The history of the Palestinian national movement is interwoven with the Israeli history and that of the conflict in general. While we do not take political positions, no study of the conflict could be complete without examining the Palestinian component and gaining a deeper understanding about how Palestinian identity, politics and terrorism, have shaped the conflict with Israel.

There is a greater emphasis on interactive learning, with each unit containing several suggestions for classroom activities that go beyond discussion questions. These activities are designed to produce a more experiential environment and one where students have to engage with the material on a more individual level and at a greater depth.

I learned along with my students. Almost every lesson I prepared involved a learning curve. Throughout the course, we encountered Israel’s founding documents; maps of the Middle East throughout history; statistics about Israeli settlements; political struggles in Gaza and the West Bank; legal documentation of the development of the Palestinian Liberation Organization (PLO); position statements on one-state, two-state, and three-state solutions; academic texts about the refugee problem; and the moral dilemmas of Israeli policy that exist today.

This is what I had been missing throughout my own school years. I am confident that after completing the course my students were better prepared to articulate and defend their personal beliefs about Israel than I was at their age.

Back to Israel
I visited Israel for the second time over the summer of 2013, six years after my first visit. I had grown a lot and learned a lot, and had a completely different experience as a result. Israel had changed, too. There was more government-supported cooperation with Palestinians and Arab-Israelis, but also an increased number of controversial Israeli settlements. Our guide (who I cannot say enough good things about) constantly emphasized the need for multiple perspectives, multiple narratives, and the necessity of seeing all people as simply people who are trying to make a living and a life. Humanity is often forgotten in a fight for the right to exist. Most people, if given the option, would choose peace in order to live their lives and raise their families.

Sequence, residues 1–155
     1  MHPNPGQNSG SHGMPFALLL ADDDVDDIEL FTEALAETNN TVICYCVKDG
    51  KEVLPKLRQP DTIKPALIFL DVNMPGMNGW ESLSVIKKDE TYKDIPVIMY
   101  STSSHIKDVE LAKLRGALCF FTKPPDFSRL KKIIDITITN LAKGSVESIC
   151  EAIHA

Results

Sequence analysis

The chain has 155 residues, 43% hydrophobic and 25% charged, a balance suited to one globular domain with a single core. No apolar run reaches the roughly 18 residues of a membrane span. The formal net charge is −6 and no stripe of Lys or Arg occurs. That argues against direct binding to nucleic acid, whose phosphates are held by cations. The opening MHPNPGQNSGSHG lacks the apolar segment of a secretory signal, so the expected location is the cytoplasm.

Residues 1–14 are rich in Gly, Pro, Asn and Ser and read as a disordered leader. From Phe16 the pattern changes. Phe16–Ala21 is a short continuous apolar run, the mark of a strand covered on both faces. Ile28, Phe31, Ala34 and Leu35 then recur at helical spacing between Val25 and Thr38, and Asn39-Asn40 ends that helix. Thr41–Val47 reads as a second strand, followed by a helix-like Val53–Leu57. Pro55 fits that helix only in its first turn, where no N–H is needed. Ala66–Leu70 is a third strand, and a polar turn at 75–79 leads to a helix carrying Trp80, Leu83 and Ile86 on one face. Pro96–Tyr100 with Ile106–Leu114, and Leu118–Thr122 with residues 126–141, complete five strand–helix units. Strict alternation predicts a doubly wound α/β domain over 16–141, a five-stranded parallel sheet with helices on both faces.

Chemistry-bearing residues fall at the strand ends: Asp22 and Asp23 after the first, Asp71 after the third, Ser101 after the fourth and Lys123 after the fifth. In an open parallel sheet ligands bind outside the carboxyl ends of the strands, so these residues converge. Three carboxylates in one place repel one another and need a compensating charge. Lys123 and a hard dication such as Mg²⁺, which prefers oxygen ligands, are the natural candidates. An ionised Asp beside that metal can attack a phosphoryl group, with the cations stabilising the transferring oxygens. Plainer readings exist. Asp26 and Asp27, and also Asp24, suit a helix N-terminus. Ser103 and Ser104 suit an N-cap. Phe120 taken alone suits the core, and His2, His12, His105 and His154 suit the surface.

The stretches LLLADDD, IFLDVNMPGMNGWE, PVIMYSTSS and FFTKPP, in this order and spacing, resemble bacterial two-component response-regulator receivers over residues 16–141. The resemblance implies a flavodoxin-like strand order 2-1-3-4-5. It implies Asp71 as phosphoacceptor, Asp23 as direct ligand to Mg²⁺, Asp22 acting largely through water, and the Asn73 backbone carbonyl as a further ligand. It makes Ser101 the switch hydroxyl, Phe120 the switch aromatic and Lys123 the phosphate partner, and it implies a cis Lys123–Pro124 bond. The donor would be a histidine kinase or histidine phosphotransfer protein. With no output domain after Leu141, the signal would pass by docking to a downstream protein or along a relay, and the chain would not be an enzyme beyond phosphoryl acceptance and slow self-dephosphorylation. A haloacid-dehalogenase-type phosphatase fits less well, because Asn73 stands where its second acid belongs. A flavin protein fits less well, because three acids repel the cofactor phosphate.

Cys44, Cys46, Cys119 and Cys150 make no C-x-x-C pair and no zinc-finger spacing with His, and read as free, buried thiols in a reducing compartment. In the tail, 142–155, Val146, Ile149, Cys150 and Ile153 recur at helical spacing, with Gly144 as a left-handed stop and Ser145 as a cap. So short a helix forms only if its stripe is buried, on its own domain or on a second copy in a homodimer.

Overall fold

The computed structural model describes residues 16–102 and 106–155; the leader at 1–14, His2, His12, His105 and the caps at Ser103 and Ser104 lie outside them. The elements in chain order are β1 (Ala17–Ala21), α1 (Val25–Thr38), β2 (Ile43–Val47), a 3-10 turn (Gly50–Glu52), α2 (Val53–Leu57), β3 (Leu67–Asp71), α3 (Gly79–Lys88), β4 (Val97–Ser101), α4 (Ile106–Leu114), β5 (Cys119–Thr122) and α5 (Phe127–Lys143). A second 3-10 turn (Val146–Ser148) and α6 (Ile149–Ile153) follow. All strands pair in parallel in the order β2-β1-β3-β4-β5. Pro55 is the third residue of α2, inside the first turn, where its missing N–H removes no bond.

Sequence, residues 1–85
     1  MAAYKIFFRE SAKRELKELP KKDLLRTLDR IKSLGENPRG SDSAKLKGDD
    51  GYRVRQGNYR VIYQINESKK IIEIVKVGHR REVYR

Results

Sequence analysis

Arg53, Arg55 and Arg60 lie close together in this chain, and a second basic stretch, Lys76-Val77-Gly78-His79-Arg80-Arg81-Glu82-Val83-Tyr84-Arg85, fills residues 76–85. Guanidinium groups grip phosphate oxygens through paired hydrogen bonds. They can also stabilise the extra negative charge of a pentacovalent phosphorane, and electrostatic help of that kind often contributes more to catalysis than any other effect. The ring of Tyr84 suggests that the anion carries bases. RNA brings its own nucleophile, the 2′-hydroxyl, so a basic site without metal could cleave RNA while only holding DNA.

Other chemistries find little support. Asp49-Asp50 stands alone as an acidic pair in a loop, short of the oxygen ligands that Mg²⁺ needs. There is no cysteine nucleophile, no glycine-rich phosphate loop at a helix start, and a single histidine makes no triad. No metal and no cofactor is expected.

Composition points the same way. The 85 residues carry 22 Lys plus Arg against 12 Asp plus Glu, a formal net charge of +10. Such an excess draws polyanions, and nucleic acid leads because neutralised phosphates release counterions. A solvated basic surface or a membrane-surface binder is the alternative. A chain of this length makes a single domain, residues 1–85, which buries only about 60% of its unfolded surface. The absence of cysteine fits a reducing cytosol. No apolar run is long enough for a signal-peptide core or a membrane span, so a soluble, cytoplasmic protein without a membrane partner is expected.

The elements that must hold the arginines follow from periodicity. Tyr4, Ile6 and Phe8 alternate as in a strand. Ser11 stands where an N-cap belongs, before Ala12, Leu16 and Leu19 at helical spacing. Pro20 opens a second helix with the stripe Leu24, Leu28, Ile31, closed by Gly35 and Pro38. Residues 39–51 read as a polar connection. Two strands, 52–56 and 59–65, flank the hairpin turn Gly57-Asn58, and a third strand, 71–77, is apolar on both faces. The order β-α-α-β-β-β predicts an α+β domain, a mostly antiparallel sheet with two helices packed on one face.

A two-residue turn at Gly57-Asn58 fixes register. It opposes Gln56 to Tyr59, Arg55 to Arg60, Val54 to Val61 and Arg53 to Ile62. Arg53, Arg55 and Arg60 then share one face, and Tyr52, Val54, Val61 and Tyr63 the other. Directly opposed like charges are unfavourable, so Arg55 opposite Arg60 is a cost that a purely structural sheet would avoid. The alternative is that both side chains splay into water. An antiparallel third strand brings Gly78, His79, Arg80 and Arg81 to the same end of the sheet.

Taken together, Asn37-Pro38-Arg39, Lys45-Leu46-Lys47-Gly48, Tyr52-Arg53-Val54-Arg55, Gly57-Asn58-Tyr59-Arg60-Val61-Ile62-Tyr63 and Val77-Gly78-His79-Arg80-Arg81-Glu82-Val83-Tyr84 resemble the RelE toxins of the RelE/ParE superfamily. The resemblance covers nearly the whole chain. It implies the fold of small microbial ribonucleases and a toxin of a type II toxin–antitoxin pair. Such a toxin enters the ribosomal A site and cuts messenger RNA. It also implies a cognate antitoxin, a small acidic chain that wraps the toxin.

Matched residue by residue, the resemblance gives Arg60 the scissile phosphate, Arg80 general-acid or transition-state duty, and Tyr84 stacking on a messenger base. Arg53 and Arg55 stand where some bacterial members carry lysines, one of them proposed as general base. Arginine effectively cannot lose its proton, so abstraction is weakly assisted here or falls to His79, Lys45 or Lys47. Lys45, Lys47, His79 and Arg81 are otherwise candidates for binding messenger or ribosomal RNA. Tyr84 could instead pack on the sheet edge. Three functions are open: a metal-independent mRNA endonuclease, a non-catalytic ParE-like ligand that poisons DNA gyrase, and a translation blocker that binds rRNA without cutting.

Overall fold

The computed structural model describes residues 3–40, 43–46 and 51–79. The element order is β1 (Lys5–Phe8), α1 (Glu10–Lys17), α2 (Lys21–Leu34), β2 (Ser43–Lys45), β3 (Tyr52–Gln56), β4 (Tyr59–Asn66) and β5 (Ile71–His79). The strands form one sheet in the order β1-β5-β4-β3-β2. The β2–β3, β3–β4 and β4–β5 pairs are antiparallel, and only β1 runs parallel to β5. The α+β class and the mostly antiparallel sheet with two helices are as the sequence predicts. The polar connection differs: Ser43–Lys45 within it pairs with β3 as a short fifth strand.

It is one thing to love Israel because of its history, culture, beauty, and people, which I do. It is quite another to agree blindly with every government decision. I had started to understand that in my first year teaching Hebrew School and grew to believe it during that summer.

I grew to love and understand the nuances of Israel far better than I had previously. And it’s really impossible not to love a place that looks like this:

Hebrew School Again
When I taught my Hebrew School course for the second time to a new group of grade eleven students, I had the background of the first year of the course as well as a foundation that came from my discussions with our guide, Ilan, over the summer. I’d spoken to him about my personal struggles to understand various elements of Israeli policy that did not match the narrative I had been taught during my own school days, in which there were no questions and no moral dilemmas.

By the end of the second year of the course, I thought I knew where I stood on questions about security barriers, settlements, and refugees. I did not agree with every decision the Israeli government made, but when do I ever agree with every decision any person, body, institution, or government makes?

As all of my recent writing on peace should suggest, I am very concerned with the state of our world. I am concerned with the lack of discussion given to peace not only in social studies classrooms, but in our contemporary and historical narratives. We are inundated with news reports and media glorification of violence, aggression, and war. We have not developed school curricula that emphasize peaceful dialogue, interactions, relationships, or cooperative efforts towards compromise.

When we talk about Israel, we focus on defense. How are we trying to protect Israel’s right and ability to exist when surrounded by neighbors who have sworn to annihilate it? How are we trying to maintain a distinctly Jewish identity in the tumultuousness of the Middle East? How are we honoring the legacy of those who fought and died so that Israel could exist?

While those conversations should take place, it is the glorification of the fight itself, the wars for independence and existence, that dominate the narrative. The speaker who presented to the eighth grade class at my school last week did not once explain what Israel is fighting for, or who, or why. There was an implicit message that fighting is the only choice, the only option, the only reality simply because it has always been that way. There was absolutely no context for why there’s war in the region or the need for continuous military intelligence. This is due to a prevailing view that Israel needs to fight to literally stay on the map.